## Question about friction loss

### Question about friction loss

Hi guys

I'm a Helitack leader and have been packing my hose bag with 1" hose and a load of 5/8 for a few years now for initial attack. The advantage of this is that I can pack more hose to cover more distance to a potential water source. However, I've been considering the significant friction loss with 1" hose vs. 1.5" hose, and I'm starting to wonder whether sacrificing 100 feet of hose for the 1.5" would be advantageous.

Sorry for the imperial units. I've got it calculated that with a pump discharge of 100 gpm, and 100 feet of hose, you will have 150 PSI of friction loss on 1", whereas all things equal, you will only have 24 PSI loss on 1.5 inch hose. This could have a significant effect on nozzle pressure over several hundred feet.

My question is, with a wildland pump (a mini striker, specifically), which is almost always running at full bore regardless of hose diameter, will the heightened volume of water in the 1.5" hose have more of an effect on nozzle pressure than the friction loss of the 1" hose? It seems a lot of guys I talk to think that with the larger diameter hose, the small pump will be pushing more water and you will therefore experience less nozzle pressure. I'm just not sure if this is the case given the significant difference in friction loss. Any help from you experienced pump operators would help me decide whether or not to rethink my initial attack bag.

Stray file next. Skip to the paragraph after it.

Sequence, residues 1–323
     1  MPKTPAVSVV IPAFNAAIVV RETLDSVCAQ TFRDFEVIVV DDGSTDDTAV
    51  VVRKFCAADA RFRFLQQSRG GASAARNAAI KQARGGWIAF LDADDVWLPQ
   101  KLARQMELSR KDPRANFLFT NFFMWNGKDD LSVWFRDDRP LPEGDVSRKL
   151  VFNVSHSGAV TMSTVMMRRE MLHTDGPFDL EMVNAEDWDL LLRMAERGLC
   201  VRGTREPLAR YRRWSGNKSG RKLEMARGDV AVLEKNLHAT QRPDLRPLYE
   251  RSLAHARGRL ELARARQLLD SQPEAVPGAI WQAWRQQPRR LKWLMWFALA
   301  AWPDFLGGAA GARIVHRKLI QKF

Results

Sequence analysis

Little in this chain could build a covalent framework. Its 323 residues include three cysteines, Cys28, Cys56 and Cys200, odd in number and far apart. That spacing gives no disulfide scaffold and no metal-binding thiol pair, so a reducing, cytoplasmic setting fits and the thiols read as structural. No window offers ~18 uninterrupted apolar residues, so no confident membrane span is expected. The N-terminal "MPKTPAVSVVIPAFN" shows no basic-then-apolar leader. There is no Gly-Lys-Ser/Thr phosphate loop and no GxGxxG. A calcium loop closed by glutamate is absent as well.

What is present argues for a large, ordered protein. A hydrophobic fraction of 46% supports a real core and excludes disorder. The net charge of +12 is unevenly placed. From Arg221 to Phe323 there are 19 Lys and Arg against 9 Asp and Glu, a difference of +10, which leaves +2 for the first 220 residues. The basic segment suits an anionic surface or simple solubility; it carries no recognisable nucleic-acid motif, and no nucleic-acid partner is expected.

Thanks

I'm a Helitack leader and have been packing my hose bag with 1" hose and a load of 5/8 for a few years now for initial attack. The advantage of this is that I can pack more hose to cover more distance to a potential water source. However, I've been considering the significant friction loss with 1" hose vs. 1.5" hose, and I'm starting to wonder whether sacrificing 100 feet of hose for the 1.5" would be advantageous.

Sorry for the imperial units. I've got it calculated that with a pump discharge of 100 gpm, and 100 feet of hose, you will have 150 PSI of friction loss on 1", whereas all things equal, you will only have 24 PSI loss on 1.5 inch hose. This could have a significant effect on nozzle pressure over several hundred feet.